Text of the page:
It seems the inevitable Duke Ellington tribute album has become a rite of passage for major jazz performers, so it comes as no big surprise that one of today’s top musicians, Matthew Shipp, has taken on the formidable task of re-interpreting the works of the master on Shipp’s new CD, “To Duke”. Shipp is a fairly diverse and unpredictable artist, so there was no telling which way he was going to take Duke’s music. Would he go totally avant-garde on the pieces, or would he stay somewhat within Duke’s musical language? The answer to both questions is yes as Shipp treats some of the songs to free wheeling de-construction and radical re-make, while others sound fairly close to the original. It’s this varied approach that makes “To Duke” a total success as both a tribute to Duke, as well as an expansion of his music.
The first thing that might hit you about this CD is the song choices. Common knowledge would expect Shipp to pick out interesting obscurities and some of Duke’s more harmonically complex pieces, but instead, Shipp picked the most common and over played songs in the Duke songbook. “Satin Doll”, “Take the A Train”, “Mood Indigo” etc, it reads like one more budget label “The Best of the Duke’s Greatest Hits” type albums. Is this Matthew’s sense of humor at work? Maybe, but possibly they just happen to be his favorites songs to play, or possibly those song’s familiarity made them a bigger challenge to re-interpret. If that is the case, then Shipp and his band-mates meet the challenge with unpredictable approaches and unbridled creativity.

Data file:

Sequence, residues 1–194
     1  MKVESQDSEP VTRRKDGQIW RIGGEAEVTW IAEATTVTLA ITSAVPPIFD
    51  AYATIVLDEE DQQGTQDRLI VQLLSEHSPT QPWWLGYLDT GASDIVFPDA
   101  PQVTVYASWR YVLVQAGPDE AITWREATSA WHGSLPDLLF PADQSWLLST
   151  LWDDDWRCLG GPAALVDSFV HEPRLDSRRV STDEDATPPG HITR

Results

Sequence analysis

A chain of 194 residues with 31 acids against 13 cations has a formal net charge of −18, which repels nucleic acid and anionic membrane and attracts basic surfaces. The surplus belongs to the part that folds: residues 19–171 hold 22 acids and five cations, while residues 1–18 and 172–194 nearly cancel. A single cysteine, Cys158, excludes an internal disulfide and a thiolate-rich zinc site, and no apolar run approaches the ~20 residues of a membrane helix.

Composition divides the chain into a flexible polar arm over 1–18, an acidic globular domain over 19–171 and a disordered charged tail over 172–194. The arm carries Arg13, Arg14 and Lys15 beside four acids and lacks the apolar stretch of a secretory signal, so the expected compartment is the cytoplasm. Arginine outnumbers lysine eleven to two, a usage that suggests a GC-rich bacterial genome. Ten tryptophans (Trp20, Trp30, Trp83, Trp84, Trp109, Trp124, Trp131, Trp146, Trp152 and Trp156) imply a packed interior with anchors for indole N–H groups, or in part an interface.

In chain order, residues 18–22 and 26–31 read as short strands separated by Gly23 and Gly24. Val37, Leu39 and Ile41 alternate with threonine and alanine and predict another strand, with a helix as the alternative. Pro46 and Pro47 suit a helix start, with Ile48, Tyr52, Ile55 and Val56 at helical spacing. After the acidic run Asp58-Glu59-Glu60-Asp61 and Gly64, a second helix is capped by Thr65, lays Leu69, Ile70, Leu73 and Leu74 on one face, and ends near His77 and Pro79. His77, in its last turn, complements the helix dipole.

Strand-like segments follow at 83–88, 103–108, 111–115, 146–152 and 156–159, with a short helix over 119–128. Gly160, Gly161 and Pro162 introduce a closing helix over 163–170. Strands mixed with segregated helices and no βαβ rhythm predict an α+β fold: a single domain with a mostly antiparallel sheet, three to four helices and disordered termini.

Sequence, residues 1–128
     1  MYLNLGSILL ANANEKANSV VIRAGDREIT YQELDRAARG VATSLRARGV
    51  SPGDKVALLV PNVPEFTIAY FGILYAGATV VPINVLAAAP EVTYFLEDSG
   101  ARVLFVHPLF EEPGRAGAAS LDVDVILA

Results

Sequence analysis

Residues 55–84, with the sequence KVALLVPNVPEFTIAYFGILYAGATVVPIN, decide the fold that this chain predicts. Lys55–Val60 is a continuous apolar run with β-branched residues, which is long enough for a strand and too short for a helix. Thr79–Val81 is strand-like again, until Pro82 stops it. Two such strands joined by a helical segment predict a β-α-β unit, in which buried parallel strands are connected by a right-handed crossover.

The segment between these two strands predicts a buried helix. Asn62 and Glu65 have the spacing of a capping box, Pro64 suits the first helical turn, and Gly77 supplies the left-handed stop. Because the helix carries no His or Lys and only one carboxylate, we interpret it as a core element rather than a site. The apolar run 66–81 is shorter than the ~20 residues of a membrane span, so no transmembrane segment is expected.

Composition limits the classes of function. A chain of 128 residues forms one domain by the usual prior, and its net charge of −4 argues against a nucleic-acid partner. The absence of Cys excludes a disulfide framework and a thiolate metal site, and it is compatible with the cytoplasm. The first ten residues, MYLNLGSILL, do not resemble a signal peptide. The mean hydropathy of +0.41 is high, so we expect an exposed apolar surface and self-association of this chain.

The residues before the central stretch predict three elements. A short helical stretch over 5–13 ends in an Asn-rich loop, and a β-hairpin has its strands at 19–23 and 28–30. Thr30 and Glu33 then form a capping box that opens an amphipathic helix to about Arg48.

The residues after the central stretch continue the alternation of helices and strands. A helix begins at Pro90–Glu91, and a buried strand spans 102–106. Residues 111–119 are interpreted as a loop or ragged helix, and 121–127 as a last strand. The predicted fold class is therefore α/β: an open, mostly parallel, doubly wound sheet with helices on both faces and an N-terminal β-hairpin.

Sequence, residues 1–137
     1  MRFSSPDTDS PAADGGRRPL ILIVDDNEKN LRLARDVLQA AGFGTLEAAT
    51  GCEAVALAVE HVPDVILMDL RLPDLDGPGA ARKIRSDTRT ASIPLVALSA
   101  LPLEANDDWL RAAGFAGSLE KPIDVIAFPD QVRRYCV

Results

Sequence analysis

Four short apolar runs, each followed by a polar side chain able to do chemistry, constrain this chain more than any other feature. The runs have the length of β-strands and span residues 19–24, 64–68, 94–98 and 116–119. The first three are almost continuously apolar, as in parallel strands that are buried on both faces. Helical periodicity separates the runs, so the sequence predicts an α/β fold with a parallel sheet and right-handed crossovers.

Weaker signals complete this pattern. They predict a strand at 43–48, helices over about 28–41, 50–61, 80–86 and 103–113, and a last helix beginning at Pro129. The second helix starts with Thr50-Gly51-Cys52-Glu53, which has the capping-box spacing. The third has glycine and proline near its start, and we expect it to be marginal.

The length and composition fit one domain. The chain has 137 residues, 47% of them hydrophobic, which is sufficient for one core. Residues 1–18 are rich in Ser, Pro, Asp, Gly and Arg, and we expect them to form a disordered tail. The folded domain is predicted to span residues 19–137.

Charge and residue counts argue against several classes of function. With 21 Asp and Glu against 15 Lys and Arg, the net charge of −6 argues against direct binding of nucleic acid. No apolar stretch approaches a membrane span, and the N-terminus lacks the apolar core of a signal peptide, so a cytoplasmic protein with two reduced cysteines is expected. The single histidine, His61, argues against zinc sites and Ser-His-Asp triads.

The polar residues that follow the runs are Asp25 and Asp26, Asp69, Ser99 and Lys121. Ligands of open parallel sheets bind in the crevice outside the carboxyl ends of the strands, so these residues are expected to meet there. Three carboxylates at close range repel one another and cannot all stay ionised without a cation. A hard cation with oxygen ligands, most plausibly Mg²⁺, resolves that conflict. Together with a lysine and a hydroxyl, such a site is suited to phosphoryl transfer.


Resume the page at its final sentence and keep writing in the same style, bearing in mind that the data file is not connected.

The most radical re-makes take place on “Satin Doll” and “A Train”, as the band takes some of the basic riffs to launch furious assaults that can be very intense at times, and funny as hell other times. Shipp is one of the few performers in today’s jazz world who realizes that much of the great jazz in the past always had a sly wit. Elsewhere on this CD, “Mood Indigo” and “Prelude to a Kiss” stay close to the originals as Shipp expands on their lush harmonies. There are also a couple Shipp originals, with “Sparks” being an excellent high energy avant-bop number.
The person who might have appreciated these pieces the most is, of course, no longer with us. Duke did not care to have his music become museum pieces. His band rarely played songs the same way twice, and re-recordings of songs always featured new arrangements. He also did not like any attempt to write down a definitive arrangement of any of his pieces. Duke preferred that his music continue to grow and change, much like it does on "To Duke".